Startup companies continue to be left in the lurch as venture-capital firms retrench, but established technology vendors aren’t complaining. Instead, they’re benefiting from the situation, seizing the opportunity to pick off capital-starved, distressed startups at fire-sale prices.
A post at the Wall Street Journal’s Digits blog recounts how Silicon Graphics International (SGI) — a company that knows distress when it sees it — spent just $2 million to acquire Copan Systems, a vendor of data-storage hardware that had raised more than $107 million in venture capital since it was launched nearly a decade ago.
Mark Barrenchea, president and CEO of SGI, says his company’s acquisition of Copan represented “great value,” and it’s easy to see why. Still, I wonder what SGI got for its money. Copan had exhausted its operating capital, and one of its creditors had placed it in foreclosure and appointed a receiver.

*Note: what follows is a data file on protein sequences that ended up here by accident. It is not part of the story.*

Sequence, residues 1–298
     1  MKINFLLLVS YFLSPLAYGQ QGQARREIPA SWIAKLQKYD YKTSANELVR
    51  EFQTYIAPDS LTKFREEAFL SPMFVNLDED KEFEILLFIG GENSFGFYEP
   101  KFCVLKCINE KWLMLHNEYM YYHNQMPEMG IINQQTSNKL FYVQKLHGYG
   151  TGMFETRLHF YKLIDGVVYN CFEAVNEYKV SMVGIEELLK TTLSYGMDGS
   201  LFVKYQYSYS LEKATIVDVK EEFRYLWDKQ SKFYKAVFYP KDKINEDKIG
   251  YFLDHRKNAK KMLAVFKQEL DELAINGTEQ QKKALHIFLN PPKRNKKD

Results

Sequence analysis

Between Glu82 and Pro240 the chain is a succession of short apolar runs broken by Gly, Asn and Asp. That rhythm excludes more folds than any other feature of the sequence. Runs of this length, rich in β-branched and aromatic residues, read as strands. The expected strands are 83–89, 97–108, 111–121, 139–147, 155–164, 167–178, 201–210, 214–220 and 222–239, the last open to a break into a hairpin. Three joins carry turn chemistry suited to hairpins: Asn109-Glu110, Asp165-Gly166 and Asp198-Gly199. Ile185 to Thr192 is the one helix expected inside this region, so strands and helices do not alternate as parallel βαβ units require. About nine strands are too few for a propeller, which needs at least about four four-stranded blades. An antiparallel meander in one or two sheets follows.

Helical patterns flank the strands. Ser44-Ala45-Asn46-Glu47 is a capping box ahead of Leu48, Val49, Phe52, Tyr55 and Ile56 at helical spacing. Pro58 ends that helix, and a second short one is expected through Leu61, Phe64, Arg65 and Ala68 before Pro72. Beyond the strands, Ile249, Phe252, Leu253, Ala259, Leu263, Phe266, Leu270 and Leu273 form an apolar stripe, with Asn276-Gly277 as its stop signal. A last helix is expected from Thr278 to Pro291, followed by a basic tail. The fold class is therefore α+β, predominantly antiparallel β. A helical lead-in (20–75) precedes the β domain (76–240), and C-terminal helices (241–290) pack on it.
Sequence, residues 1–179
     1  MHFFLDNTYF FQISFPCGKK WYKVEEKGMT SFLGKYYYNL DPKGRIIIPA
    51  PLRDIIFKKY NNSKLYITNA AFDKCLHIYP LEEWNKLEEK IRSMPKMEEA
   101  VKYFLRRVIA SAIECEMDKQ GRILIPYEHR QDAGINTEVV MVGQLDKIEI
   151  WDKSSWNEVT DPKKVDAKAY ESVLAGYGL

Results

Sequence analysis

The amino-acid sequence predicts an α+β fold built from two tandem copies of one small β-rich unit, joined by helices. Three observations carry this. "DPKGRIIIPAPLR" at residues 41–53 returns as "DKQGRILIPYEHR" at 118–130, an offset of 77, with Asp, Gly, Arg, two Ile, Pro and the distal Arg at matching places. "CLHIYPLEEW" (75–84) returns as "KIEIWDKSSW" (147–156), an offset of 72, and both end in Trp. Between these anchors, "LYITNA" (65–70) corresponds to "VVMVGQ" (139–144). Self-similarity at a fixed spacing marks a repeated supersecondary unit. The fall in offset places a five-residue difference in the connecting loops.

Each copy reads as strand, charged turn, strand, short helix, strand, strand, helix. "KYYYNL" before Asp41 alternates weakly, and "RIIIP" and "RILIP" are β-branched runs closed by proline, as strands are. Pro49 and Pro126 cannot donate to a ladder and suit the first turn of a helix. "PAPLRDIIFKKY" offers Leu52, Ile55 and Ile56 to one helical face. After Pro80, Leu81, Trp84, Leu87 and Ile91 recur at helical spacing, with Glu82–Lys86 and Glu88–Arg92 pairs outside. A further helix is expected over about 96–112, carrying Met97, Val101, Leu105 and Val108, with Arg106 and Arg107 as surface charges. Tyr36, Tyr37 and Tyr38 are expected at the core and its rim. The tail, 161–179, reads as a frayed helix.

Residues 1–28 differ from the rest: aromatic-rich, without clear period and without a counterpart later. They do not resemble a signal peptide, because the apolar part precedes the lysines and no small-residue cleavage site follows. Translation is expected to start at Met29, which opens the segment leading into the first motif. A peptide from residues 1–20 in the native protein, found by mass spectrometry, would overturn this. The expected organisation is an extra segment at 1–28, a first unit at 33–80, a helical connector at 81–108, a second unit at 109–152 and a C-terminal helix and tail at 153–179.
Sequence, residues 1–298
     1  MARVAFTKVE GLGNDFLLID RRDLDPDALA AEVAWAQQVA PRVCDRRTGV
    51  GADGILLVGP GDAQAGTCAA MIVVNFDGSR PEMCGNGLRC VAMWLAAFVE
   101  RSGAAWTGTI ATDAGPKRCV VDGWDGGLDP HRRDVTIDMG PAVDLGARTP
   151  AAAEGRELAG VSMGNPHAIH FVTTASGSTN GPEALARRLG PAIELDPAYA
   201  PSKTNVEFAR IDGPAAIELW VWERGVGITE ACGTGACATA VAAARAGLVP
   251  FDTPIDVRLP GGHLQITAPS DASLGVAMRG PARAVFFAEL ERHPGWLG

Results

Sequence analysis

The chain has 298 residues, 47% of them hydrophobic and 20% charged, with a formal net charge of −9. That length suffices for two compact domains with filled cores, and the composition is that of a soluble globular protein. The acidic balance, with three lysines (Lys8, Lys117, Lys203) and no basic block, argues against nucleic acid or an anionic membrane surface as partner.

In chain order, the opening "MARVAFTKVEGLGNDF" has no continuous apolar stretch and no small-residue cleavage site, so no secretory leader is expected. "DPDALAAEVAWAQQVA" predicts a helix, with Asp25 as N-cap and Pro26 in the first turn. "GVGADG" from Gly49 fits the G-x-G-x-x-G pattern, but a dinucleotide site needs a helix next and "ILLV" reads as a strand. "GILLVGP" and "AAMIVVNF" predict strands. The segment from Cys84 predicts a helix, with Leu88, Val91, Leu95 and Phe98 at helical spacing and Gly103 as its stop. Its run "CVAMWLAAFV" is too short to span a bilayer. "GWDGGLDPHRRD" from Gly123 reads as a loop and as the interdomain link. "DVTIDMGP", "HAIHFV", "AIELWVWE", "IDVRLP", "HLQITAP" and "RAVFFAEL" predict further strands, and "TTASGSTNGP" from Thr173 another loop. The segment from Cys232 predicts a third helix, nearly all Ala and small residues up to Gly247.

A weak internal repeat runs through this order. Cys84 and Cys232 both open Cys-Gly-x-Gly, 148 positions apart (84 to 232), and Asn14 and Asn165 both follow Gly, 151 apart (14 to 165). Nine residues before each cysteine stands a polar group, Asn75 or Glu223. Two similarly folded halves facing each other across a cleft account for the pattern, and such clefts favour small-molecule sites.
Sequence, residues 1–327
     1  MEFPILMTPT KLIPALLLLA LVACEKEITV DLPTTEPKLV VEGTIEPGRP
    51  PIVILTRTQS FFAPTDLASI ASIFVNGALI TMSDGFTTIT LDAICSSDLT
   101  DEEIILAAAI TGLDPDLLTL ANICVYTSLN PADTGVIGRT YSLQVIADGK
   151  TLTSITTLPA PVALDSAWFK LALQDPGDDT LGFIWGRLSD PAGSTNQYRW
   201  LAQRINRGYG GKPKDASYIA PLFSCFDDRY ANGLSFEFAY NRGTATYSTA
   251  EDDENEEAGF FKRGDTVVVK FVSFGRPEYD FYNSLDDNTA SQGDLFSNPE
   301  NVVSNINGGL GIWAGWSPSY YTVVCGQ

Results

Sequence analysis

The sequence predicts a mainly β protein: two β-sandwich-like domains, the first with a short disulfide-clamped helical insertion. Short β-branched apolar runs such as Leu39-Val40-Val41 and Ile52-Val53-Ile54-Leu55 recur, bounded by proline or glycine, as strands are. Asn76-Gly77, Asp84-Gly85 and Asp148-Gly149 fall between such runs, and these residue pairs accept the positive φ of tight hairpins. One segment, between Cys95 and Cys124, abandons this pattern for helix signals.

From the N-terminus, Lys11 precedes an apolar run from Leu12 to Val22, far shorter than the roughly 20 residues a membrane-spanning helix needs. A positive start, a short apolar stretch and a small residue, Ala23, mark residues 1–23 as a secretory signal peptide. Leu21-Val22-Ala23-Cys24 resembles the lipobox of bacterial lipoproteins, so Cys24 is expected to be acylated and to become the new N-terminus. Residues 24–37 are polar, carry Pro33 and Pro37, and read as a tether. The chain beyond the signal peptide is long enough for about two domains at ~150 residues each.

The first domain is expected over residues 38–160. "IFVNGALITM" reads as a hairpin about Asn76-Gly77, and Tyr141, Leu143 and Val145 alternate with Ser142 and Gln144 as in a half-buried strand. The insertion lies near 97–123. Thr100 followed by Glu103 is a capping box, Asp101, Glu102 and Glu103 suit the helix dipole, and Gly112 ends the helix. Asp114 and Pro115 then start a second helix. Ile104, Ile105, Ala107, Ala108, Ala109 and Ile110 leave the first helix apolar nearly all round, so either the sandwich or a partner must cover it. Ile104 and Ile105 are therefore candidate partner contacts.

Probably long before that point, most employees with survival skills and marketable talent would have bolted for the exits. They would not have waited around for last rites to be administered.
Given the circumstances, SGI was practically picking at Copan’s carcass. Then again, Copan had a technology-patent portfolio and an installed-base of customers. Even if it was operating more in word than in deed near the end of its venture-funded existence, its patents and customers gave it significant residual value.
SGI will continue to shop for deals among abandoned and forlorn startup companies. Others are doing likewise. It’s an advantageous time to be shopping for shards of value among the ruins.